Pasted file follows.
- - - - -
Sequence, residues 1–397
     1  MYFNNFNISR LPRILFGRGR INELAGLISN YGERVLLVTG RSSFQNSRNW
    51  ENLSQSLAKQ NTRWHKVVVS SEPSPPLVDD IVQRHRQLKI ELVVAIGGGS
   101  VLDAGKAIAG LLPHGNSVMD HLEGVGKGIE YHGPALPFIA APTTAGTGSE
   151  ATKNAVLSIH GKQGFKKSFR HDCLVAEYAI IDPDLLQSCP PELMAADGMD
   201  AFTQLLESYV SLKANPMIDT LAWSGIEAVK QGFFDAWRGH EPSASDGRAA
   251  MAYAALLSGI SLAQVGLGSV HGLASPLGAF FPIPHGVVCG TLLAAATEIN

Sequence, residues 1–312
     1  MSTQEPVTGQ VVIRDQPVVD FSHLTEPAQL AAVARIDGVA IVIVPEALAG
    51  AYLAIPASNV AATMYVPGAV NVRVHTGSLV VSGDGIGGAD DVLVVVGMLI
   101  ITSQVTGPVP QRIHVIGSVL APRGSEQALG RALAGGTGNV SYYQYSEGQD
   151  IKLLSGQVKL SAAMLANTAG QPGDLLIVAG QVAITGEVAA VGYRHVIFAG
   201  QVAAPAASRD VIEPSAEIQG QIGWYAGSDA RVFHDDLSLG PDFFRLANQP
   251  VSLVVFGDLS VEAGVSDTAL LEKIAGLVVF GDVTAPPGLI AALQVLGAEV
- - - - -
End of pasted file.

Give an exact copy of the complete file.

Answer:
Sequence, residues 1–397
     1  MYFNNFNISR LPRILFGRGR INELAGLISN YGERVLLVTG RSSFQNSRNW
    51  ENLSQSLAKQ NTRWHKVVVS SEPSPPLVDD IVQRHRQLKI ELVVAIGGGS
   101  VLDAGKAIAG LLPHGNSVMD HLEGVGKGIE YHGPALPFIA APTTAGTGSE
   151  ATKNAVLSIH GKQGFKKSFR HDCLVAEYAI IDPDLLQSCP PELMAADGMD
   201  AFTQLLESYV SLKANPMIDT LAWSGIEAVK QGFFDAWRGH EPSASDGRAA
   251  MAYAALLSGI SLAQVGLGSV HGLASPLGAF FPIPHGVVCG TLLAAATEIN

Sequence, residues 1–312
     1  MSTQEPVTGQ VVIRDQPVVD FSHLTEPAQL AAVARIDGVA IVIVPEALAG
    51  AYLAIPASNV AATMYVPGAV NVRVHTGSLV VSGDGIGGAD DVLVVVGMLI
   101  ITSQVTGPVP QRIHVIGSVL APRGSEQALG RALAGGTGNV SYYQYSEGQD
   151  IKLLSGQVKL SAAMLANTAG QPGDLLIVAG QVAITGEVAA VGYRHVIFAG
   201  QVAAPAASRD VIEPSAEIQG QIGWYAGSDA RVFHDDLSLG PDFFRLANQP
   251  VSLVVFGDLS VEAGVSDTAL LEKIAGLVVF GDVTAPPGLI AALQVLGAEV